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Reversing Hypometabolic Symptoms by Normalizing Low Body Temperatures with Sustained-release T3 in Patients with Euthyroid TSH Levels

E. Denis Wilson, MD Michaël Friedman, ND



Currently, the position of the American Thyroid Association is that hypothyroidism causes symptoms of metabolic slowing due to inadequate production of thyroid hormone by the thyroid gland; it is diagnosed by a lab result of a high thyroid stimulating hormone (TSH) level. While hypothyroidism is considered a chronic, incurable condition, the symptoms typically can be controlled by ingestion of thyroxine (T4) for life. Due to this conclusion, medical providers overall adhere to the assump- tion that people with normal TSH levels can not have thyroid-hormone-responsive symptoms; likewise, thyroid-hormone-responsive symptoms should not be treated with triiodothyronine T3 and are not reversible. Our objective was to examine if treatment with sustained-release (SR-T3), in patients with normal TSH values and low body temperatures, reduced symptoms consistent with low metabolic rate—and if improvement in symptoms remained even after discontinuation of the T3 treatment regimen.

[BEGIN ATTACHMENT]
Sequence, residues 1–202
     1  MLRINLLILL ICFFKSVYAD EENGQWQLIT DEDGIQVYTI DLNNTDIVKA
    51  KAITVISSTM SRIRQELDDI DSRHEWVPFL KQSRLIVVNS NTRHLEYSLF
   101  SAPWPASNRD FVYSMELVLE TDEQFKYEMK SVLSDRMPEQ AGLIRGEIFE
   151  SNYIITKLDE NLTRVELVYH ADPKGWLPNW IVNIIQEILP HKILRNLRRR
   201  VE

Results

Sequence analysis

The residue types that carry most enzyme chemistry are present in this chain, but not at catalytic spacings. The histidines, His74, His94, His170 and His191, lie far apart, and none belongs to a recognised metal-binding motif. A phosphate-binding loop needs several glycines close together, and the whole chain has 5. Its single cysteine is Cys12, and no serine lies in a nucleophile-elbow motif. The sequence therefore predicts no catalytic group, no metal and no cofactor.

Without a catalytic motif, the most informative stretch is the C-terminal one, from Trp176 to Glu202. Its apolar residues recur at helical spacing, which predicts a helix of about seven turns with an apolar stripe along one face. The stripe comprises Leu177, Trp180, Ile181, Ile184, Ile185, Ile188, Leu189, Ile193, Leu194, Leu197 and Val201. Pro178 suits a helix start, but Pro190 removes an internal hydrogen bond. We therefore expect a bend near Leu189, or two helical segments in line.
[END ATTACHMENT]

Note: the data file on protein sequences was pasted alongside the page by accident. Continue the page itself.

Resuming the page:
We report the results of 11 euthyroid outpatients with low body temperatures who took oral SR-T3 every 12 hours according to a cyclic dosing schedule designed to titrate low body temperatures to normal. The SR-T3 they took was formulated with the aim of delivering the T3 gradually over 12 hours.


All of the patients in this study responded with an elevation in oral temperatures and improvement in five symptoms measured following the T3 treatment regimen.


Patients exhibiting hypometabolism with normal TSH levels may experience a re- versal of symptoms with normalization of low body temperatures on administration of a sustained-release T3 regimen such that their symptoms remain improved after the regimen has been discontinued.

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